You haven't seen this Sherlock yet.

Sherlock Holmes and the Precarious Position

through june 15, various | jewell Mainstage Theatre, $25–62

Drawing on the classic literary character, the Taproot Theatre production weaves a tale of deception, suspense, and deadly mystique inside Greenwood's jewel box of a theater.



may 17–22, 4 and 9:30pm | Central cinema, $12

An artistic anime dreamscape, 90-minute Paprika blends science fiction with the tale of a heist. Protagonist Dr. Atsuko Chiba creates a device that allows therapists to view the dreams of their patients. When it's stolen, the doctor puts detective skills to work.

Seattle International Film Festival

through may 19, various | various, $17.50–1,619.99

Seattle, you know the drill. This is the annual event no self-respecting cinephile would miss. Obviously there are the films—all 159 of them—but the folks at SIFF have more up their sleeves: a Hacks screening and conversation with Jean Smart, glitzy opening night soiree at Paramount Theatre, and brunch with June Squibb. 

Grand Illusion 20th Anniversary Series

may 21–30, various | grand illusion cinema, $11

The cozy University District theater is celebrating two decades as a volunteer-run nonprofit cinema, but they're not narcissistic enough to think they're the only ones worth commemorating. Some of their favorite films—1978 zombie flick Dawn of the Dead and 25-year-old Magnolia—screen this month in honor of another trip around the sun.


17th of May

may 17, 10am–8pm | national nordic museum, free

It's easy to believe that the Norwegian Constitution Day festivities in Seattle are the world's largest outside of Oslo and Bergen when the day holds a parade, Fjord horse petting zoo, live Nordic music, a food hall, and an in-house genealogist to find out if you're really Nordic.

Sunset Market and Listening Sessions

may 18, 5–10pm | The Shop by Porter, $10

Hyper creative The Shop By Porter transforms into a house party, marketplace hybrid. Overlooking the Puget Sound, DJs lend hi-fi deep listening, Joshua Dahlquist hand-pokes tattoos, and three vendors hawk vibey wares.

Northwest Folklife, as always, can't sit still.

Northwest Folklife Festival

may 24–27, various | seattle center, free

The annual celebration centers local creativity like no other: vocational artisans demo their skills, open-invite contra dances take over the Fisher Pavilion, fashion shows parade styles new and old, and a rotating cast of musicians keep the heartbeat of the festival alive for four straight days.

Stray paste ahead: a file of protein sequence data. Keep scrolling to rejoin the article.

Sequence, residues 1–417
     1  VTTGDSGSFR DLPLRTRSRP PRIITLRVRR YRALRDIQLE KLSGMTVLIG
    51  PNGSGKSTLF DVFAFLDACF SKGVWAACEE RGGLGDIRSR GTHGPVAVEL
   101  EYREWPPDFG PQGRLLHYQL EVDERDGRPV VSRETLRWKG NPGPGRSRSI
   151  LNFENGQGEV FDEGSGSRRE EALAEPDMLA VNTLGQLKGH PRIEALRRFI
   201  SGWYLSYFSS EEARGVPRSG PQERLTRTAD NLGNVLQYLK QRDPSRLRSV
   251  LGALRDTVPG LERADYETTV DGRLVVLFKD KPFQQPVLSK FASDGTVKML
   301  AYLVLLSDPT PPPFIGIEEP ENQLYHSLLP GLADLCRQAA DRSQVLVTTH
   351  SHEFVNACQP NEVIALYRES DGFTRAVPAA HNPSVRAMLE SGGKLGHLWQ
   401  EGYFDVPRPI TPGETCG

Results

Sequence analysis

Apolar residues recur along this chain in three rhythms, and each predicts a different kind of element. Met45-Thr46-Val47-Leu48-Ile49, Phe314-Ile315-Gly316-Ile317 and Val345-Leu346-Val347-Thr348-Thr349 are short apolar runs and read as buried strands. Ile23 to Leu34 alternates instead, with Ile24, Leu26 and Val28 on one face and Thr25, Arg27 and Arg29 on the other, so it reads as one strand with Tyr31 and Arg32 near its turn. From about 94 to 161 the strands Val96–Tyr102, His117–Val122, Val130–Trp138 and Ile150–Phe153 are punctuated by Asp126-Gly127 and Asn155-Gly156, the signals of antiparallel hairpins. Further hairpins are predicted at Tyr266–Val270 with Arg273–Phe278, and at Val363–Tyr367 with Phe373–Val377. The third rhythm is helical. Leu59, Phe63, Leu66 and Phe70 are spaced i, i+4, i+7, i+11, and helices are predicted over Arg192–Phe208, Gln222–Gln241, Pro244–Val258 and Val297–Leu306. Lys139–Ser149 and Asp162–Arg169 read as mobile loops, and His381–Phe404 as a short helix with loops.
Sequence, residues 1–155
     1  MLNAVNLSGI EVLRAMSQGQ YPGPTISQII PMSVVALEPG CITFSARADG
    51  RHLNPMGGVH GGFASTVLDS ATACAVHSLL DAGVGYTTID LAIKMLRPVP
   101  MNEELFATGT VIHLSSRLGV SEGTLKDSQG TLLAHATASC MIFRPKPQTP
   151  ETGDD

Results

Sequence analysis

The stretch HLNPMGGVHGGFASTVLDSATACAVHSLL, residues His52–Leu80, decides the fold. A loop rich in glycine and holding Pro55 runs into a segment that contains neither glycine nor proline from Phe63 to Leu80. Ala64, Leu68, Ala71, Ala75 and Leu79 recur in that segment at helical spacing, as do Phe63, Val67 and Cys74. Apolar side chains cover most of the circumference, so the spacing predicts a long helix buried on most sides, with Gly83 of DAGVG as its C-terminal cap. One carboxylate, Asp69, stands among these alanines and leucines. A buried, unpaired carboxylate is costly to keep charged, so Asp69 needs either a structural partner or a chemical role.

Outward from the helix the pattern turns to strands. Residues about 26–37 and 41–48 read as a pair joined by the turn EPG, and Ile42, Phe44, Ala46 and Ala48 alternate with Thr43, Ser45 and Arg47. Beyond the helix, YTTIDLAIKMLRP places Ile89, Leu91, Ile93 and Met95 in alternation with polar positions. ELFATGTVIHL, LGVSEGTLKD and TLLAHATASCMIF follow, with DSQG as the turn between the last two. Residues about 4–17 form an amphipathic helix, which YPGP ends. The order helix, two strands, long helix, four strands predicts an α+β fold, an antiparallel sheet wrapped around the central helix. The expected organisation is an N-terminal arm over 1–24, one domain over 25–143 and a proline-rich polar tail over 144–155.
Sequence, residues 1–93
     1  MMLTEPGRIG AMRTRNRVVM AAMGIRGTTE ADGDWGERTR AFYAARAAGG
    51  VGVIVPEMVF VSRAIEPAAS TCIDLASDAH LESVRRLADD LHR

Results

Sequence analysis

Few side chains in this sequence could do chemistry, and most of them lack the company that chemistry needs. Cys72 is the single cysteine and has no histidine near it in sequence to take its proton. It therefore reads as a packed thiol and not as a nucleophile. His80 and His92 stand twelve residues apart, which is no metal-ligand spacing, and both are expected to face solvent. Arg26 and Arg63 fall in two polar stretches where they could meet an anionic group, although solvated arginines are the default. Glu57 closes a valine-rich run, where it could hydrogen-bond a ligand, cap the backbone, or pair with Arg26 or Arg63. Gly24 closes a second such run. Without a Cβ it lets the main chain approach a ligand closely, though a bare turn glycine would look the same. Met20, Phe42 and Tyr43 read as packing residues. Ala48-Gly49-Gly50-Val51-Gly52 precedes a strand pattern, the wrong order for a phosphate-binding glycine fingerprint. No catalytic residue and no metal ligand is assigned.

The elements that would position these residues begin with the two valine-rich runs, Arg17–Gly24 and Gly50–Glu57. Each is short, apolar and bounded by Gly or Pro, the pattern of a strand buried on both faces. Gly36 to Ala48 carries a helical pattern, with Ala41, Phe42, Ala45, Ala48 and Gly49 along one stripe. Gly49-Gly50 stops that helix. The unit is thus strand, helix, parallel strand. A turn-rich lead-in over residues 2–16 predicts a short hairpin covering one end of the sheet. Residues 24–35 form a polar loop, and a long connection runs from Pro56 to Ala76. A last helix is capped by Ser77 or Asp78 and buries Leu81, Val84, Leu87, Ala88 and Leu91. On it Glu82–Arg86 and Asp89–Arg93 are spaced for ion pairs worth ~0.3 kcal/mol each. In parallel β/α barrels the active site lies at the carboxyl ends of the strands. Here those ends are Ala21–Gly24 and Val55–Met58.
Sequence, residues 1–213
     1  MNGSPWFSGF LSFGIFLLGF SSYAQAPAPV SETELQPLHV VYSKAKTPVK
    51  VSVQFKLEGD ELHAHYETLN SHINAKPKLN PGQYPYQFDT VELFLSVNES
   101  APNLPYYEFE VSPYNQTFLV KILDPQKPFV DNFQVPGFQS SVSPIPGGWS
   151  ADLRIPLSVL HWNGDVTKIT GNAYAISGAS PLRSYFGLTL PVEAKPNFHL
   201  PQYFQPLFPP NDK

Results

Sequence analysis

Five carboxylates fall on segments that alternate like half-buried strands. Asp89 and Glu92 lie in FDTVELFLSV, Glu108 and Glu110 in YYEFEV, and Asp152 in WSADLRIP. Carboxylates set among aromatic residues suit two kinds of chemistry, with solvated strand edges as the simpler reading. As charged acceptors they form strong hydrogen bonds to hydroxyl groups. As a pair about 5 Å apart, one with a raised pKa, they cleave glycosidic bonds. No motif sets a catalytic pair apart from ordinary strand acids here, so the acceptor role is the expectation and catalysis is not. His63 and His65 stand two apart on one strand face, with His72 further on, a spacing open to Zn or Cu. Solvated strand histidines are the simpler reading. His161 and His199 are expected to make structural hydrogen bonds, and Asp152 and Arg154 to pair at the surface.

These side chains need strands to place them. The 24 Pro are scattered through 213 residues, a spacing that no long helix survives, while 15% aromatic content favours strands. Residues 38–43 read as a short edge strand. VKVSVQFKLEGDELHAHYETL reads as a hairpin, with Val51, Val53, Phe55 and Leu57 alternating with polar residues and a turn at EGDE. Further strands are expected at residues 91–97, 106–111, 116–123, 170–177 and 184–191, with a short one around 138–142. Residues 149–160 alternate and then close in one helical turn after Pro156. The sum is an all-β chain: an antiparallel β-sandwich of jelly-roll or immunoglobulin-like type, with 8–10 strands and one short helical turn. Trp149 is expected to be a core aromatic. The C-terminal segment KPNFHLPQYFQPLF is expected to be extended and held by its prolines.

Jed Perl talks all things Alexander Calder at SAM.

SAM Talks: Jed Perl

may 17, 6:30–8pm | seattle art museum, $10

The SAM world has revolved around Alexander Calder's mobiles ever since they unveiled over 45 of his works in November. Art critic, author, and Calder biographer Jed Perl brings context and a career retrospective to the conversation, kicking off the SAM's weekend-long Calder Symposium.

Project Aurora Panel Discussion

may 23, 7pm | national nordic museum, free

Missed the aurora borealis show last weekend? Ballard artist Ginny Ruffner employed microprocessors and 34,560 individual LED bulbs to mimic the natural phenomenon inside the National Nordic Museum. She'll chat with co-creators technologist Ed Fries and scholar Wanda Gregory about the making of the 20-foot by 10-foot installation.

Kathleen Hanna

may 24, 7pm | third place books ravenna, $73-164

The feminist icon and frontwoman of punk band Bikini Kill has found her next act as an author. She presents her new release, Rebel Girl: My Life as a Feminist Punk in conversation with author and co-founder of the reproductive rights campaign #ShoutYourAbortion Lindy West. 

On sale now

NPR Music Tiny Desk Contest

june 9, 7pm | nectar lounge, $18

The Tiny Desk concerts of YouTube lore bring their nationwide tour to Nectar. Artists for the June show include the yet-to-be-announced winner of NPR's annual contest and select local outfits who have appeared on past Tiny Desk episodes—perhaps Among Authors or Sleater-Kinney. 

Tasting Notes

july 19, 7:30pm | benaroya hall, $20–525

Music is an art form; food is an art form. What happens when best-in-class musicians partner with renowned chefs? It turns into a chamber music party helmed by James Beard Award-Winner Kenji Lopez-Alt and violinist James Ehnes—complete with nosh and entertainment. 

The Chainsmokers: The Party Never Ends

august 10, TBA | Myrtle edwards park, public onsale may 17

The Grammy-award-winning duo brings English DJ Jonas Blue and producer Daniel Allan to Lower Queen Anne's waterfront Myrtle Edwards Park. Last year's iteration of the live music project broke venue attendance records thanks to deep cuts and chart-topping Chainsmokers hits, engaging visuals, and cutting-edge production collabs. 

Cigarettes After Sex

september 28, 8pm | climate pledge arena, $44–444

Slow burn pop songs with love right smack dab in the middle? Enter indie trio Cigarettes After Sex, touring in support of their yet-to-be-released third studio album, X


november 24, 7pm | climate pledge arena, $110–1,226

"Dream On" singer Steven Tyler—who is 76 years old—will be back on stage following a fractured larynx to finish out the rock band's farewell tour this fall. Forever dynamic performers, the five piece makes even the largest stadiums feel like a raucous club; pre-injury tour reviews promise the band peaces out with loads of rock style.